For IS, that goal still seems far off. For the most part, fighting in areas of Damascus has not reached the downtown section, though it does spill over there on occasion. That happened last Thursday, when a mortar shell landed in the heart of Damascus, killing six inhabitants.
Islamic State has some thorny logistical, military and economic problems. Its troops are deployed throughout Syria and Iraq to the limits of its capabilities. The stream of volunteers continues, though at a slower place due to firmer action by Turkey against Islamic State. On the other hand, the Syrian army, which has enough troops and arms to protect the capital for now, is receiving massive support from Iran and Hezbollah. In addition, Islamic State is under constant attack from coalition aircraft.
Still, the trend in Syria is clear: Islamic State’s progress toward the capital has not been stopped.
It should be emphasized that if Assad were to flee the capital, it is doubtful that the civil war would end quickly. It is believed that in such a case, he would move to the Alawite coastal strip of Latakia and Tartus, where he would try to hold onto the territory and cause as much damage to his various rivals as possible.
Although the Syrian army is still capable of defending Damascus, it is hard to predict how long that capability will last. The army has been fighting various groups for more than four years. Tens of thousands of its combat troops have been killed or wounded, and its members are exhausted. One major incident, such as the fall of a base or a strike against a leader of the regime or the army, could bring about the collapse of Bashar’s military system and the abandonment of the capital.
A scenario of this kind took place in Iraq more than a year ago when Mosul, Iraq’s second-largest city, fell to the Islamic State. The regular army simply fled without a fight. It also happened in 2000 when the South Lebanese Army collapsed and abandoned its positions as it felt Israel’s withdrawal from the so-called southern Lebanon security zone approaching.
Journalist Robert Fisk claimed this week in the UK’s Independent that the aerial attack on the inhabitants of Douma was a response to the firing on Damascus a week ago and to the danger looming over two Shi’ite villages in the Idlib district. In other words, since members of Jaish al-Islam and al-Nusra Front are constantly threatening Kafarya and Fouah in the Idlib district, where 40,000 people live, the regime is using Douma to create a “balance of terror.” The message that Bashar is trying to convey to those groups is: Leave these two Shi’ite villages alone, and I will leave Douma alone.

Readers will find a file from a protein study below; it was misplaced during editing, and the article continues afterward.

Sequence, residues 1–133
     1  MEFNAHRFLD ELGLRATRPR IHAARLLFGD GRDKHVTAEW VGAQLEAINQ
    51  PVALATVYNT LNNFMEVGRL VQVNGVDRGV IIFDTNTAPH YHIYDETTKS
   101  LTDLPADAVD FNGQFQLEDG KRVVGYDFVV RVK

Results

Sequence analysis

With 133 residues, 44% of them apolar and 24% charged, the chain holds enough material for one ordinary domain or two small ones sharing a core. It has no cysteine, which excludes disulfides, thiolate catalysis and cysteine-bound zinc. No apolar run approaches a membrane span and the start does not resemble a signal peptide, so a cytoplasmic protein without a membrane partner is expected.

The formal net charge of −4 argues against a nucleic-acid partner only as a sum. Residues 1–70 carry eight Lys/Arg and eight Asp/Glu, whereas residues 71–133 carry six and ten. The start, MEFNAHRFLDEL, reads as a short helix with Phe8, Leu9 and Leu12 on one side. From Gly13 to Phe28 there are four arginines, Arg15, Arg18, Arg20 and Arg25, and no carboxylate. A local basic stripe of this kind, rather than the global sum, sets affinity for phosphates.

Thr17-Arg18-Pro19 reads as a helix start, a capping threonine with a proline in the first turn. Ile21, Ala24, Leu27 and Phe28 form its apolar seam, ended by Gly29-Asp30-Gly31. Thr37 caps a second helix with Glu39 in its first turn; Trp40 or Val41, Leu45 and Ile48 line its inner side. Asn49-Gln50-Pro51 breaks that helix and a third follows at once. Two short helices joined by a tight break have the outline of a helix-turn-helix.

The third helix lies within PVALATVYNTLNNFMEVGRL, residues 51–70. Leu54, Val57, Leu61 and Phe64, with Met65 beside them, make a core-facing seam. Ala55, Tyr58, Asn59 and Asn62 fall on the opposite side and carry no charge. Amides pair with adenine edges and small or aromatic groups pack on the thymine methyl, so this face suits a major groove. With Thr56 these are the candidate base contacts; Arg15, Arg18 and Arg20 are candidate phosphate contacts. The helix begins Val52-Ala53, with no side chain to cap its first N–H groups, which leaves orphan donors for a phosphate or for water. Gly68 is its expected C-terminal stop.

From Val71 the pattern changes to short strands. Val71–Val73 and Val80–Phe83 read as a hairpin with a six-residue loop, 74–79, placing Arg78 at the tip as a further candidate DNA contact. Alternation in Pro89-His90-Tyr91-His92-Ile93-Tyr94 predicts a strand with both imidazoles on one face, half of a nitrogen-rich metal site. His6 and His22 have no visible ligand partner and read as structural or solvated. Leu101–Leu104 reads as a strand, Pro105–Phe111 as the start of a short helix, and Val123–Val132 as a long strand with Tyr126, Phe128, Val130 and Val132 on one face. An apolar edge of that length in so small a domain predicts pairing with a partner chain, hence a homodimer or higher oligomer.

The danger to Damascus does not stop at the advancing military threat. While the battles being waged now in Zabadani, on the border of Syria and Lebanon, are critical for Hezbollah because of the proximity to Lebanese territory, they are just as important for the capital. This is because Damascus’s water sources are in the Zabadani region, and Bashar fears that members of Al-Nusra Front and other groups who are fighting there against the Syrian army and Hezbollah will try to block the water supply to Damascus.
What this means for Israel
Once again it should be emphasized that the balance of power – or, of terror – that has been created in Syria does not look like it will be changing anytime soon. The various reports of talks between Saudi Arabia, Iran and Syria about a diplomatic agreement of whatever kind to end the civil war there also seem irrelevant at this time. Wholesale massacres are taking place; everybody is killing everybody else. Only the death toll and the number of refugees keep changing.
No change is evident on the Golan Heights front with Israel despite the Israeli media’s great fondness for dramatic headlines. The members of Al-Nusra Front, the most dominant opposition group in the Hauran region, are waging quite a few internal battles against groups that identify with Islamic State (such as the Yarmouk Martyrs Brigade). The regime, together with its Iranian allies and Hezbollah, is holding on to a small amount of territory around the Druze town of Khader, from which they are also trying to engage in terror attacks in Israeli territory. (At the moment, one of the major figures in this infrastructure is the terrorist Samir Kuntar, a convicted murderer who was released from prison in Israel in a 2008 exchange.)
The situation on the Syrian Golan Heights is mostly a stalemate, with Israeli encouragement. Last year, real fighting was still going on and opposition troops were advancing. There is still fighting at present, but no advancing. Last spring, opposition troops were still threatening Khader, but the outcry of the Druze here led Israel to reach certain understandings with the various groups on the Syrian Golan Heights – understandings that stopped the attack on Khader. Thus was born yet another impossible reality in the new Middle East: Israel intervenes to prevent a Sunni attack on the Druze village of Khader, which in turn enables Shi’ite activity against Israel.